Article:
Science

Are cell mutations always bad?

A mutation is a change in the genetic material of an organism.
We’re made from trillions of cells, each with a nucleus
composed of DNA – a set of instructions that tells the cell what
to do. Cells copy themselves with astonishing accuracy, but every now
and then a piece of code is copied incorrectly. This is largely due to
natural radiation interacting with our DNA. This incorrect
piece of code can become a permanent change in the
DNA. Mutations are rarely harmful though. Indeed, most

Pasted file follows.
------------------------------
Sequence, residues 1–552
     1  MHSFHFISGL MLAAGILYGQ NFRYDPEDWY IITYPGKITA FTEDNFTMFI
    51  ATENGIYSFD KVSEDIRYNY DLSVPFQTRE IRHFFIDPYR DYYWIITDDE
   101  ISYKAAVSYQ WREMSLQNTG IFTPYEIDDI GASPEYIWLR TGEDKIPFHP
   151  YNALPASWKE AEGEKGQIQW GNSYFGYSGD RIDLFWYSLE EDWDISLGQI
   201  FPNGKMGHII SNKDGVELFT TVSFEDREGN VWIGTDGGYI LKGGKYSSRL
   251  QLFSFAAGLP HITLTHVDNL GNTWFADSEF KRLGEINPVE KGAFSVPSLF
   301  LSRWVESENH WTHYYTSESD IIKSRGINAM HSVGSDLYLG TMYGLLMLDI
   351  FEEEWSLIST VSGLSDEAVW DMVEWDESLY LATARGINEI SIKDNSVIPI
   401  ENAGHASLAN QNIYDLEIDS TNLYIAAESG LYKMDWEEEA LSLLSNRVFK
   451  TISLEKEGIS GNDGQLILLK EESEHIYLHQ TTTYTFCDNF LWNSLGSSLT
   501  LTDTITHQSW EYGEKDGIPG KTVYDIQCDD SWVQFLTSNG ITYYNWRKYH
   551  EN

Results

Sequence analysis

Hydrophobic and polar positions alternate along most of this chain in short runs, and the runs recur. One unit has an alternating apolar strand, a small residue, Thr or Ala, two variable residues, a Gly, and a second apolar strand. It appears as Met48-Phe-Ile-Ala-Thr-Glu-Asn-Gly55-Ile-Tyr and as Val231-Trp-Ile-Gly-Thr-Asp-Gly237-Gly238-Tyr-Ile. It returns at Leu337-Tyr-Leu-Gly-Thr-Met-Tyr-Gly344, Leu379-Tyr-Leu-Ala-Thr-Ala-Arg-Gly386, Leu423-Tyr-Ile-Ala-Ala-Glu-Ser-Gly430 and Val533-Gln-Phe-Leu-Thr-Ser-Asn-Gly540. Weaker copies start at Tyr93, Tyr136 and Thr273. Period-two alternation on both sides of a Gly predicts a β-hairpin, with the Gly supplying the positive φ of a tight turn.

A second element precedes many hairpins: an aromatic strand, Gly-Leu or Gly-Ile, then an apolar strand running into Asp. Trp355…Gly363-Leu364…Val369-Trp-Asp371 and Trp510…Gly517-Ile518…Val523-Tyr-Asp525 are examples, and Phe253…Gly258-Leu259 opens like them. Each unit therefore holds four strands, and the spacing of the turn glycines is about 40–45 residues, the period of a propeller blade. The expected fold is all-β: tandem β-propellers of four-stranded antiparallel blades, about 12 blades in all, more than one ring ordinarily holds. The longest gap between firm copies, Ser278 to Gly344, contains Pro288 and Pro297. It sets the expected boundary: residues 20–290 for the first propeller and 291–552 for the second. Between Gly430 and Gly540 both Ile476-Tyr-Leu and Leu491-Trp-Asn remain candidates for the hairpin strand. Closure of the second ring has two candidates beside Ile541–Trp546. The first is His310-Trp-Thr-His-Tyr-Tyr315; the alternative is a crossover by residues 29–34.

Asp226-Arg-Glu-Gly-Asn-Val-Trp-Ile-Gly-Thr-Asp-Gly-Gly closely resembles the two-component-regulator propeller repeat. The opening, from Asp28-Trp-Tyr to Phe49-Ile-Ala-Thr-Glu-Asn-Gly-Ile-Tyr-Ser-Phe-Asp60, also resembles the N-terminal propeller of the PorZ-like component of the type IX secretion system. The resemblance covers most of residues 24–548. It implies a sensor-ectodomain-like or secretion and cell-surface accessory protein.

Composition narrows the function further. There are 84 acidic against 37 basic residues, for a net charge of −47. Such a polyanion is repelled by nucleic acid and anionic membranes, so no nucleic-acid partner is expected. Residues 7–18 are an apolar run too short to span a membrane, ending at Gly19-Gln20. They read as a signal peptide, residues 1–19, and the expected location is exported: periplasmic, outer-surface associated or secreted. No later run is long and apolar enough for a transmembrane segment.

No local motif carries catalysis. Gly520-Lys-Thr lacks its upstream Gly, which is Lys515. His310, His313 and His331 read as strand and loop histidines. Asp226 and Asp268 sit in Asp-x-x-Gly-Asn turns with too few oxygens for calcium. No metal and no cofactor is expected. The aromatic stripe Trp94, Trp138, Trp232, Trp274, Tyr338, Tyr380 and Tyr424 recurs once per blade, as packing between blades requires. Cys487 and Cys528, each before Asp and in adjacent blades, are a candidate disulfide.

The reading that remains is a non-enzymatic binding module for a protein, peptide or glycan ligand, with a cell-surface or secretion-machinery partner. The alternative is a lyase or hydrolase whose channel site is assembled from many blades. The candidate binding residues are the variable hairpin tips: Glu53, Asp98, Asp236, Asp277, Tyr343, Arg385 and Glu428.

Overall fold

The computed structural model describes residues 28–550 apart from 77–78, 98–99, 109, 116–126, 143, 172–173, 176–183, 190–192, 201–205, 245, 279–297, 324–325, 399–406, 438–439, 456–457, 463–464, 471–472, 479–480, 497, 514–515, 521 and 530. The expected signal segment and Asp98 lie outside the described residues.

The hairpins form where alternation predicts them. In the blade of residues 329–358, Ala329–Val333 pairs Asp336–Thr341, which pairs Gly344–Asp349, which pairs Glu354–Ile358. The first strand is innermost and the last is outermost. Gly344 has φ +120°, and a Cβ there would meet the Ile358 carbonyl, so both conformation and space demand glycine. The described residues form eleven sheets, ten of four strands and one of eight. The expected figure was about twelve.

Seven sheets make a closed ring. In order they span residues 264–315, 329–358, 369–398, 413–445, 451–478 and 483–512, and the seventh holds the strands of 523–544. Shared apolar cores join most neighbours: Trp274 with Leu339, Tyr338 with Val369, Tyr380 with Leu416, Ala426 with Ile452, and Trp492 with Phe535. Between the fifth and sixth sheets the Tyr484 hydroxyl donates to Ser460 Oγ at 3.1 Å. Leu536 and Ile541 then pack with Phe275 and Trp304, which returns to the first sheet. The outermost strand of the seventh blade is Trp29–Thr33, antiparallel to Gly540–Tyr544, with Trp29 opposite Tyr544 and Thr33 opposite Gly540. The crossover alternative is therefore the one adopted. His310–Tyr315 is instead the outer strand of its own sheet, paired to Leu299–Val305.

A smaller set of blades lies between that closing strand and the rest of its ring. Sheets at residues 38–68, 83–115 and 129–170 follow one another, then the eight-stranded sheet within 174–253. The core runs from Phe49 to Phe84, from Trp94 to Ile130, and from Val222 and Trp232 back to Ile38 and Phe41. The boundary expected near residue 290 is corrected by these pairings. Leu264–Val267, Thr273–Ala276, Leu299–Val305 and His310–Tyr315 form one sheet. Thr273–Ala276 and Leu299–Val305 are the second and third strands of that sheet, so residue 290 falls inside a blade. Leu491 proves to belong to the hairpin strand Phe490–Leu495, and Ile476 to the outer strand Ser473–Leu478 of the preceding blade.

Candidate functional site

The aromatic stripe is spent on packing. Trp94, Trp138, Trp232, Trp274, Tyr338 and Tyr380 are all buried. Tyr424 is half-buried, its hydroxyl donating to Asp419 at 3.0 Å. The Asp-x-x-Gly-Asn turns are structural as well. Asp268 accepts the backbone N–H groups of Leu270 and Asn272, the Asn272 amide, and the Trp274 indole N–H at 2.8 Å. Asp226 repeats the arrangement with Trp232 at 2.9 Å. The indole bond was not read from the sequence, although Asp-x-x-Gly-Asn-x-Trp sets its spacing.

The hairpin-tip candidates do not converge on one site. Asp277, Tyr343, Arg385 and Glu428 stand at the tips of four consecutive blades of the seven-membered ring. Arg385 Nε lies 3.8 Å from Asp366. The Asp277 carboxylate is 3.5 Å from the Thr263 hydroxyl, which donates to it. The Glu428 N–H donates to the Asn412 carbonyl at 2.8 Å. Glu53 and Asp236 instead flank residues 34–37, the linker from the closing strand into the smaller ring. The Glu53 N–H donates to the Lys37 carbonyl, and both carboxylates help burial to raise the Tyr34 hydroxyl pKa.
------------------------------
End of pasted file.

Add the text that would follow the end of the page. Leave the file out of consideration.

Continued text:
mutations go unnoticed, as the body has mechanisms to
stop a cell copying itself. Sometimes mutations can benefit
organisms. When a mutation allows an organism to cope
better with an environmental stress, it will be passed on to
future generations through natural selection.

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